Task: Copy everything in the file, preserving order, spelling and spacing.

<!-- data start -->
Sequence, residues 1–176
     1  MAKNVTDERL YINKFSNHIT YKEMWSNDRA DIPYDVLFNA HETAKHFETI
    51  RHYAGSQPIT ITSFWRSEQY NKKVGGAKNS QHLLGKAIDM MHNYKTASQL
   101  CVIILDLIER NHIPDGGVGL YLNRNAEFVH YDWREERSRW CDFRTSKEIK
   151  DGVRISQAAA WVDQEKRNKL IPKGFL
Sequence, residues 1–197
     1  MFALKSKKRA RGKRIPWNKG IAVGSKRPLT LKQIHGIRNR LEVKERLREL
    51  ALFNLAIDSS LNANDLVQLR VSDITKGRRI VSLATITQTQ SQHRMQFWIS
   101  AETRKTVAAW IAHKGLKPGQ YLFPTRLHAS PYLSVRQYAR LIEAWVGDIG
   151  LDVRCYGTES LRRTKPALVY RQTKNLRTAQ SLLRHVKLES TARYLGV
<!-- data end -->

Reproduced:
Sequence, residues 1–176
     1  MAKNVTDERL YINKFSNHIT YKEMWSNDRA DIPYDVLFNA HETAKHFETI
    51  RHYAGSQPIT ITSFWRSEQY NKKVGGAKNS QHLLGKAIDM MHNYKTASQL
   101  CVIILDLIER NHIPDGGVGL YLNRNAEFVH YDWREERSRW CDFRTSKEIK
   151  DGVRISQAAA WVDQEKRNKL IPKGFL
Sequence, residues 1–197
     1  MFALKSKKRA RGKRIPWNKG IAVGSKRPLT LKQIHGIRNR LEVKERLREL
    51  ALFNLAIDSS LNANDLVQLR VSDITKGRRI VSLATITQTQ SQHRMQFWIS
   101  AETRKTVAAW IAHKGLKPGQ YLFPTRLHAS PYLSVRQYAR LIEAWVGDIG
   151  LDVRCYGTES LRRTKPALVY RQTKNLRTAQ SLLRHVKLES TARYLGV